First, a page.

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Brie Larson

Taking the Lead

Oct 09, 2013 Brie Larson
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“I’ve always been creatively inclined, and I’ve wanted to work since I was a kid,” actress Brie Larson says, recalling how she drew approximately 300 pages of scenes based on The Lion King—essentially her own storyboardswhen she was six years old. “I just like to work. I like to keep carving away at different artistic processes.”

Larson’s acting career, which began when she was a child growing up in Sacramento, has been building steadily toward 2013, a year in which she appears in three festival buzz films out this summer and fall: The Spectacular Now, Short Term 12, and Don Jon. After playing numerous supporting roles through the yearssuch as the rebellious daughter of Toni Collette’s character on Showtime’s United States of Tara and Envy Adams in Scott Pilgrim vs. the WorldLarson, now 23, took on her first lead film role with Short Term 12, an indie that won both the Grand Jury and Audience awards at SXSW this year. She plays Grace, a strong-willed but emotionally burdened supervisor at a group home for at-risk teens. It’s a weighty, dramatic part realized by the actress with equal doses of toughness, empathy, and vulnerability. Prior to shooting, Larson saw the prospect of carrying the film as “terrifying.”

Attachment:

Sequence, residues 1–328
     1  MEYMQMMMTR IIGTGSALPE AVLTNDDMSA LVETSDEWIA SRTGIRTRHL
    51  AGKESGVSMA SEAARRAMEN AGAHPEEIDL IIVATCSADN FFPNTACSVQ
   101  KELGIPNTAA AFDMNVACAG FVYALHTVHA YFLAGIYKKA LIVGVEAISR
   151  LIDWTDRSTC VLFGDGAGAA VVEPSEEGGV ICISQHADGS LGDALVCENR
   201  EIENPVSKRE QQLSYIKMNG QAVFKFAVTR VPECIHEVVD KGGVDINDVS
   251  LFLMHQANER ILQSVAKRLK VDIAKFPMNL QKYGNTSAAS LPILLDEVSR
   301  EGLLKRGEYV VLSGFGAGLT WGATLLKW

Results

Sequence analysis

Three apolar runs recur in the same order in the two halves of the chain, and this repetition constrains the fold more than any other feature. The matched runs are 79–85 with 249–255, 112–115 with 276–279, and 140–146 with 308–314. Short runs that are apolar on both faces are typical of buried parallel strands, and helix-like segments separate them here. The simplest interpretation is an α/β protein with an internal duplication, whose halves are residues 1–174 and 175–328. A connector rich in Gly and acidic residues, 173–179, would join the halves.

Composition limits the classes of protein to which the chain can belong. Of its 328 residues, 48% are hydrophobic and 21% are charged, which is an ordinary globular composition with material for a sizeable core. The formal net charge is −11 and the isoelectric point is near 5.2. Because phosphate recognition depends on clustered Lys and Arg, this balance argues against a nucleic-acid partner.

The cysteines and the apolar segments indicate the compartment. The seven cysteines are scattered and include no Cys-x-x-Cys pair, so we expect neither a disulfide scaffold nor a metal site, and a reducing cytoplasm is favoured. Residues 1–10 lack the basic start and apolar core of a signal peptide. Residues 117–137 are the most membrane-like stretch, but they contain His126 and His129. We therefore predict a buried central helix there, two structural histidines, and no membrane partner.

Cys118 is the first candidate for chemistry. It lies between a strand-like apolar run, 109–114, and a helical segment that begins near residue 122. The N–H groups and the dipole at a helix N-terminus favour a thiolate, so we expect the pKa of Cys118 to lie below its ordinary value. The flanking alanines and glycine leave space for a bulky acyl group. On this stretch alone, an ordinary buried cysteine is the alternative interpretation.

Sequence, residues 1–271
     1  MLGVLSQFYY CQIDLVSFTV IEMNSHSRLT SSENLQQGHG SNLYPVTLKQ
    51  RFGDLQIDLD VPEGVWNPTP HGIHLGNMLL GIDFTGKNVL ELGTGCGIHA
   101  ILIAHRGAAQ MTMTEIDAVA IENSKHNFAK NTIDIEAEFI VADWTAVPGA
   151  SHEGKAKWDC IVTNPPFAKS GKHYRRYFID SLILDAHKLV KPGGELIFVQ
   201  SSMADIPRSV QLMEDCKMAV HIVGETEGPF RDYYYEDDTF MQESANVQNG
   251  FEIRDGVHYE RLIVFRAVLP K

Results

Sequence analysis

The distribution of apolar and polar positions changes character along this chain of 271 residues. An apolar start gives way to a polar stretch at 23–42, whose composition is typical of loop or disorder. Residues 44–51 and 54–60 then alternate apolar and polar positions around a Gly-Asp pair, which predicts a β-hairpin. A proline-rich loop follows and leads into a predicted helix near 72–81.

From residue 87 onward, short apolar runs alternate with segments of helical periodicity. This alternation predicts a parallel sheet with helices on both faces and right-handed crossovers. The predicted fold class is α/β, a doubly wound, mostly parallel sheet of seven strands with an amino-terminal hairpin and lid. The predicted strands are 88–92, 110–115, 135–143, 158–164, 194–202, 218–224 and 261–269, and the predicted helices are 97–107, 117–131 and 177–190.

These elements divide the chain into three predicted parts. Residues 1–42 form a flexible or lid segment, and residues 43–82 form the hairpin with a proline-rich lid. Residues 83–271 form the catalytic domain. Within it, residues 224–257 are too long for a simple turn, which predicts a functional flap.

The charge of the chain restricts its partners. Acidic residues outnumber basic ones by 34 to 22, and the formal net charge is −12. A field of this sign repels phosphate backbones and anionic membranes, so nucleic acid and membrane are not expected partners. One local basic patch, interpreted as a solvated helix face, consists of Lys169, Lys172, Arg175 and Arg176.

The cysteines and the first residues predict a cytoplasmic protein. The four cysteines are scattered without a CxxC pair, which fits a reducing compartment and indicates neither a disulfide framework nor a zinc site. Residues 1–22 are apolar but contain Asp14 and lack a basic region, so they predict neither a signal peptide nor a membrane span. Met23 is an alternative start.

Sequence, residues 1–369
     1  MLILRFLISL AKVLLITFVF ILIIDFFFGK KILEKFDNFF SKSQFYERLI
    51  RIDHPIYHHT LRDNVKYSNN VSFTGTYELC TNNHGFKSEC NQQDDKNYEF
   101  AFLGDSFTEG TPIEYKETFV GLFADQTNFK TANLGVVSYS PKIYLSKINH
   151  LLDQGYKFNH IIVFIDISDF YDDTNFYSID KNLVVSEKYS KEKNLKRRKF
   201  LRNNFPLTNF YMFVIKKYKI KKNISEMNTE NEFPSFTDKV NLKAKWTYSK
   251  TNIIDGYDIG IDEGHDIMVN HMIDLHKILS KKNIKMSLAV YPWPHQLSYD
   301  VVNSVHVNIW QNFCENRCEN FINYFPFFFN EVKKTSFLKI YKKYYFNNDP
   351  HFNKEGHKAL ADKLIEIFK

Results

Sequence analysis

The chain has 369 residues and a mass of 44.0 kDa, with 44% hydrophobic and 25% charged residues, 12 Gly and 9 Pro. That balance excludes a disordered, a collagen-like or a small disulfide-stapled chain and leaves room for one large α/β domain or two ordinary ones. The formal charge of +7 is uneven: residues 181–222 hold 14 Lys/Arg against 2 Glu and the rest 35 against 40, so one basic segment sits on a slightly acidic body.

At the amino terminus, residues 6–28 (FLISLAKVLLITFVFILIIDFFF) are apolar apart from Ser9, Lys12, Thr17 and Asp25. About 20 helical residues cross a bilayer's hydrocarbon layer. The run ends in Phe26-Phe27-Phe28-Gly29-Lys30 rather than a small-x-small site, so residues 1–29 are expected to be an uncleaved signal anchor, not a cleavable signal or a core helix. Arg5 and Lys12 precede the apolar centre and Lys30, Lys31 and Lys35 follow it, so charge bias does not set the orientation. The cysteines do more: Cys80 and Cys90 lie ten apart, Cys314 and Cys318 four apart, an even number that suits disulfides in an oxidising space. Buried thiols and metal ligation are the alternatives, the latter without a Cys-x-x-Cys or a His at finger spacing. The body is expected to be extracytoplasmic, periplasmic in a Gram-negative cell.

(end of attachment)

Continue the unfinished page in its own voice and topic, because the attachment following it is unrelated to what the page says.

“I had no idea what that was like,” she says. “I didn’t know if I would crumble under the pressure of it. But I think what worked in my favor was that I had put in many years13 years or something ridiculous like thatof watching others be in that position, and I knew very clearly what worked and what didn’t work. I also was playing a character who was putting on a strength even though she was unsure inside.”

Short Term 12 is partly based on writer/director Destin Daniel Cretton’s two years of working in a facility for troubled teens. To prepare for her role, Larson shadowed “line staff” at a facility in Los Angeles.

“I had a lot of emotion and I learned a lot from it,” she says. “The main thing for me personally to overcome was learning how to speak with a firm, strong voice, and that even though you’re speaking firmly, you’re still speaking lovingly. I am an older sister, and I’m the oldest of all the grandkids, so I’m very used to dealing with kids. I’ve babysat most of my life, but I had never dealt with such wounded children, and I didn’t understand the different ways that love could be shown. And in my life, I hadn’t quite learned how to speak up for myself. That was the thing I had to practice in the mirror a little bit, learning to speak with force and not sounding like a whiny child.”

By contrast, for her supporting part in Don Jon, the feature-length directorial debut from Joseph Gordon-Levitt, Larson had to get used to working without dialogue. She plays the sister of Gordon-Levitt’s title character, and in scenes where he shares the ups and downs of his love life at the family dinner table, the volatile discussions are repeatedly met by her blank stares and disinterest.

“I felt so much anxiety,” Larson says of playing the part, “because I’m such an over-preparer, and I usually stay up the night before and practice my linesand there was nothing. I had nothing to practice, and so I felt so guilty. I’d have panic attacks on my way to set thinking that I had forgotten to do my homework.”

[This article first appeared in Under the Radar’s August/September 2013 print issue.]


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